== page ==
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Daniel Funkhouser's Radiant Grove at Burton Barr Central Library.
Lynn Trimble

IN FLUX Public Art

Burton Barr Central Library

Giant beaded animals and a trio of fluorescent trees took root at Burton Barr Central Library in April, as part of cycle 8 for a multi-community public art project called IN FLUX. Christy Puetz created Curious Creatures, a group of whimsical white beings installed near the entrance to the first-floor children’s area. Daniel Funkhouser created Radiant Grove, a set of three large trees made with multicolor laser-cut acrylic. They’re installed on the second floor of the library, where the light streams through the windows to make them especially vibrant and engaging. Together, these offbeat sculptures deliver a sense of discovery and joy.

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Checking out the central portion of Maggie Keane's Prince mural.
Lynn Trimble

Prince Mural

Grand Avenue Arts District

After learning the musician Prince had died, artist Maggie Keane decided she had to paint a mural in his honor. That’s just what she did, starting in late April and doing the official reveal in early July. Keane transformed a building wall at a busy intersection into a purple collage of iconic Prince images measuring 18 feet high and 47 feet wide. Keane’s Prince mural is located at a three-way intersection connecting Grand Avenue with Roosevelt Street and 15th Avenue, where it signals to passersby the fact that they’re in one of the city’s most vibrant creative neighborhoods. Keane’s central Prince image features sunglasses created using two round 36-inch mirrors that reflect the streetscape back to those who come to marvel at the towering tribute.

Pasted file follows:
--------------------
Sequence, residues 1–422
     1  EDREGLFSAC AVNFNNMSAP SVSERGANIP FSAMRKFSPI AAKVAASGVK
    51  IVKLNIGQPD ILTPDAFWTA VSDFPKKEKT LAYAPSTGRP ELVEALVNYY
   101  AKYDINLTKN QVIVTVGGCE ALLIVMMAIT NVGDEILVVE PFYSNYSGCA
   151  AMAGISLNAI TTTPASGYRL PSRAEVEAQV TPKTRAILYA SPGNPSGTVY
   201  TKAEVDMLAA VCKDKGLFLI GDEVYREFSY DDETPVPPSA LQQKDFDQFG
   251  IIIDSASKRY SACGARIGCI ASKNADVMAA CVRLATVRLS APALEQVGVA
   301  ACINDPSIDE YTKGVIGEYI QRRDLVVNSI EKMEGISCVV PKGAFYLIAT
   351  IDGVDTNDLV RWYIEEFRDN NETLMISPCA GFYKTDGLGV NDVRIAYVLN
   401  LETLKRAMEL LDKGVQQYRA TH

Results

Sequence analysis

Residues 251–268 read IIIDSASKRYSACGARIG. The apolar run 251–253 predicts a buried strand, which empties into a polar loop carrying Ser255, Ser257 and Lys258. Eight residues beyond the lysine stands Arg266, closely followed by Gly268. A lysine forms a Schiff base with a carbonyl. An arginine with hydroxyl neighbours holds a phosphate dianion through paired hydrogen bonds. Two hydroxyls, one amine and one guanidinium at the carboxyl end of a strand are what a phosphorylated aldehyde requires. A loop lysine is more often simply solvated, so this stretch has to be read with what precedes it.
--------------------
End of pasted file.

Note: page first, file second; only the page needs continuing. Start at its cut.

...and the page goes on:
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Throwback to the Circa Survive concert at Mesa Contemporary Arts Museum.
Lynn Trimble

Circa Survive

Mesa Contemporary Arts Museum

A gallery space inside Mesa Contemporary Arts Museum was transformed into a casual concert venue on July 27. That’s when Circa Survive, a Philadelphia rock band fronted by Anthony Green, gave a free pop-up concert while on their way to perform a full set at the Disrupt Festival. The gallery hummed with excited fans, who’d also come to see a solo exhibition featuring Esao Andrews, the Los Angeles artist with Mesa roots who does album art for the group. The gallery lost power as the performance was getting underway, but the band played on as fans bathed the musicians in light from their cellphones. The event highlighted collaboration across artistic disciplines and the ways museums are adapting to shifts in how people want to experience music and art.

Getting a good look at The Revolution (Relaunch).
Rosemarie Dombrowski

The Revolution (Relaunch)